General manager Ted Thompson admitted he needed to step away from his draft board.
Not in his wildest dreams could he have imagined the choices staring him in the face with the Packers on the board with the ninth pick of the first round on Saturday.
Brian Orakpo, the best of the hybrid linebackers, was on the board. So was left tackle Michael Oher, who has the talent to be a superb starter at the offensive line's most important position. But those were mere afterthoughts to wide receiver Michael Crabtree and nose tackle B.J. Raji. Crabtree was arguably the best player in the draft. Raji was clearly the best defensive lineman in the draft and was one of the players mentioned for Detroit with the No. 1 overall pick.
"I didn't expect the board to look like that when we got to nine, so I had to kind of take it all in and then talk it over with some of the guys and that sort of thing," Thompson said. "It wasn't like we were searching our minds of what to do. I just wanted to kind of think it through because I hadn't really got to that scenario, quite frankly."
The scenario: Draft the pivot man for his new 3-4 defense, or select a gifted wide receiver with the ability to keep the offense flying high when Donald Driver finally begins to act his age.
In the end, as the risqué saying goes, size mattered.
"It's just all things being equal, you guys know how much we value big people, both on the offensive and the defensive line," Thompson said. "The good ones are really hard to find, and it gets to be a supply-and-demand thing. It doesn't necessarily take away the value of another player at a different position. It's just that we have always put a lot of emphasis on that."
The decision will stick with Thompson for as long as he remains in Green Bay. While no decision will ever trump rebuffing Brett Favre's comeback last year, this one could impact the franchise for years.
Orakpo or even Aaron Maybin would have provided a playmaking outside linebacker opposite Aaron Kampman. But neither was in the debate with Oher, Crabtree and Raji in the mix.
With Chad Clifton's creaky knees becoming an issue – not just on game days but at practice – Oher would have been a key addition. He allowed just one sack over the last two seasons while playing in the rugged Southeastern Conference. And for as well as he played, scouts said he had a large upside. He could have played right tackle – where the Packers have a void at the moment with Mark Tauscher a free agent and coming off of a torn ACL – or waited his turn behind Clifton, who will be a free agent following the 2009 season. Simply, a passing team can't function without an above-average left tackle.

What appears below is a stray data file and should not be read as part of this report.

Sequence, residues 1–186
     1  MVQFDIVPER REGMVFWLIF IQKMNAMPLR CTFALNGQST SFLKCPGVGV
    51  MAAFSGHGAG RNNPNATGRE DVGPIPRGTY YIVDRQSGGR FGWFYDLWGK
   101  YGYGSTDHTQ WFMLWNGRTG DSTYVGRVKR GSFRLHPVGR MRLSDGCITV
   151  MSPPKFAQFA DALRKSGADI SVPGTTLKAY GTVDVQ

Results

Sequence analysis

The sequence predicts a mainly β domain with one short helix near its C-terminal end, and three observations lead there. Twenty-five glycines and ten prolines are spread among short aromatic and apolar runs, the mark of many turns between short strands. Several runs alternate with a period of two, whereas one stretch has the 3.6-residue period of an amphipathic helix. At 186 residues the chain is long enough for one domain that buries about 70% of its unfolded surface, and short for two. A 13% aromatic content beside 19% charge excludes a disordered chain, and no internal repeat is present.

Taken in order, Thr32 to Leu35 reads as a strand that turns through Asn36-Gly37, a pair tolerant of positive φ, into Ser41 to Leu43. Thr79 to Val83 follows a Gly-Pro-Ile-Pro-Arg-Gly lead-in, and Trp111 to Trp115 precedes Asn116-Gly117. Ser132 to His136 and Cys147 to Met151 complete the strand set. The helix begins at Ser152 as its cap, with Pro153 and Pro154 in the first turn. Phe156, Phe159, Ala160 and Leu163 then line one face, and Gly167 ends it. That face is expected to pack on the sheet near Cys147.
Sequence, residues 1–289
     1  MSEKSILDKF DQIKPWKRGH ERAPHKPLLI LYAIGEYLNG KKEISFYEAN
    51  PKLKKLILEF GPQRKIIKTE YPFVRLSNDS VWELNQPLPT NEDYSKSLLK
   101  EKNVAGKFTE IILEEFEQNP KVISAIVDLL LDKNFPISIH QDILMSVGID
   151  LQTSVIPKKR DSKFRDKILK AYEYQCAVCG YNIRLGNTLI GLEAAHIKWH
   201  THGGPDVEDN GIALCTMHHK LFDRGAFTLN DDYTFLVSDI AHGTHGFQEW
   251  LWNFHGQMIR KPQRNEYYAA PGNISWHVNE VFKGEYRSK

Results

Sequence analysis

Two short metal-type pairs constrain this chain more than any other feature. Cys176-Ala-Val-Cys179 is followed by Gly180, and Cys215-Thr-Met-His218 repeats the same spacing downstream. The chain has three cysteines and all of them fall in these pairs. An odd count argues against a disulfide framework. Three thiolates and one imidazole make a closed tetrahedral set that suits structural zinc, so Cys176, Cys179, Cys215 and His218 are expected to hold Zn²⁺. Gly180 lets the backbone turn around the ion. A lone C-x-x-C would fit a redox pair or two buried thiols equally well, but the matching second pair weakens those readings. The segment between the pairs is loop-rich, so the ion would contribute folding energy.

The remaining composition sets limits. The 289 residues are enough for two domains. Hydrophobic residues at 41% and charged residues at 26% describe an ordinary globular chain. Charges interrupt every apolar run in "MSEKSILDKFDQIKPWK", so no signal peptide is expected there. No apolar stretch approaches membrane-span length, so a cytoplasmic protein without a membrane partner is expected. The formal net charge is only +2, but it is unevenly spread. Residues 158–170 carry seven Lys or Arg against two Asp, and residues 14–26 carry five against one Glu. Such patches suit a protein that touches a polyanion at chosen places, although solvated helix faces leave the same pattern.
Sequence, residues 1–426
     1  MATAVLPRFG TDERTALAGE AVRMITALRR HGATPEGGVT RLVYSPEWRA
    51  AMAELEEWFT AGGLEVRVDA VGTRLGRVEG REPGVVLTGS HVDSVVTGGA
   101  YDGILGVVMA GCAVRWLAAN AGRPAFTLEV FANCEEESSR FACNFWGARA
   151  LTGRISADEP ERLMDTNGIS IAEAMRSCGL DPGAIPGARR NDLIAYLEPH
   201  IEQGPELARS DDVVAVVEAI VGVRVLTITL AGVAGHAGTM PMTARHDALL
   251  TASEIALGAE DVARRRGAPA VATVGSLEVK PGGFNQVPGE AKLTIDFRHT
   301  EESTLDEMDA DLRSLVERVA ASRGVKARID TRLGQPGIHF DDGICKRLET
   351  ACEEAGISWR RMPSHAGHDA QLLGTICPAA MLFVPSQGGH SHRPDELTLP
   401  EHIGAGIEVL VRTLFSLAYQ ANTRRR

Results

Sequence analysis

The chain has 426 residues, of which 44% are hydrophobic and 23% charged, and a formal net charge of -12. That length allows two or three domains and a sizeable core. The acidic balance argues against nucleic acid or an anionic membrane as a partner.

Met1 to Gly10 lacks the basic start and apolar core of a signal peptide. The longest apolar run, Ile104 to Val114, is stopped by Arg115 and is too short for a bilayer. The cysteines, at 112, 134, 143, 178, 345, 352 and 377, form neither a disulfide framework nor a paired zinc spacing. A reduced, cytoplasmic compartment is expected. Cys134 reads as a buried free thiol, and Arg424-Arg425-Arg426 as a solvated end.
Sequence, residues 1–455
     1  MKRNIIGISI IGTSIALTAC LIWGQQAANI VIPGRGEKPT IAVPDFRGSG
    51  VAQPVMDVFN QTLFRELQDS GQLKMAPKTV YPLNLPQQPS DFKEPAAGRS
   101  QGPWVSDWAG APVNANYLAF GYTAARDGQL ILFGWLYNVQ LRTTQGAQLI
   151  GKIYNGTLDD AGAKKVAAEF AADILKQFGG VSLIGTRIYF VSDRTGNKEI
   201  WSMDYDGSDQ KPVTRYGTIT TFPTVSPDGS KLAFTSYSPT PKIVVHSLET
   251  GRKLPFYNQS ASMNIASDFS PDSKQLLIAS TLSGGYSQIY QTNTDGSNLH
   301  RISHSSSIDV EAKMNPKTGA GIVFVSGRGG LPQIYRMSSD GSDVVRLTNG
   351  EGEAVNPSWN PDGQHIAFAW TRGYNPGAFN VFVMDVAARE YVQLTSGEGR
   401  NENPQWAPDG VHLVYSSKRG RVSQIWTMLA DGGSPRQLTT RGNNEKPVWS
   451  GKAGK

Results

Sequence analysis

Crabtree, the record-setting receiver from Texas Tech, has superstar potential. He scored 41 touchdowns in his two seasons, and scouts said he had the best hands in the draft. With Driver, Greg Jennings, James Jones, Jordy Nelson and Ruvell Martin, the Packers already had one of the finest receiving corps in football. But Driver can't remain an upper-echelon receiver forever, and there's at least some question whether Jennings will thrive after Driver's attention-grabbing days are over. Plug in Crabtree, and Aaron Rodgers would have a pair of go-to starting receivers for years.
But at the end, Raji's combination of size and athleticism, run-stopping ability and pass-rushing production, were too much to ignore.
"He's genuinely a powerful, powerful man, especially in his lower body," Thompson said. "He has the ability to take people backwards where they don't want to go. He also has the quickness to go around them. He is a very powerful player against the run. It's unbelievably hard to find the combination of skill set that he brings. The good Lord just didn't make many people like this."
Everything in the 3-4 defense is dependent on the nose tackle. He must take two blockers, or the inside linebackers will be sitting ducks. If he can't command a double team, offenses will be in too many favorable positions and the defense won't be able to unload its bag of tricks at the quarterback.
"You really have to have that center cog, that nose who is a beast in the middle who can command a double team," linebackers coach Kevin Greene said.
So, Thompson went with Raji, finally adding a key piece to a new defense that had largely been ignored this offseason. There's a bit of a gamble with Raji, who allegedly failed a drug test at Boston College, but Thompson was satisfied after he and his staff did background checks and talked to ex-Boston College coach Jeff Jagodzinski, the former Packers offensive coordinator.
"We feel confident that we did the right thing," Thompson said.
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Bill Huber is publisher of Packer Report magazine and PackerReport.com and has written for Packer Report since 1997. E-mail him at firstname.lastname@example.org, or leave him a question in Packer Report's subscribers-only Packers Pro Club forum. Bill also is giving Facebook and Twitter a try. Find him on Twitter at twitter.com/packerreport and Facebook.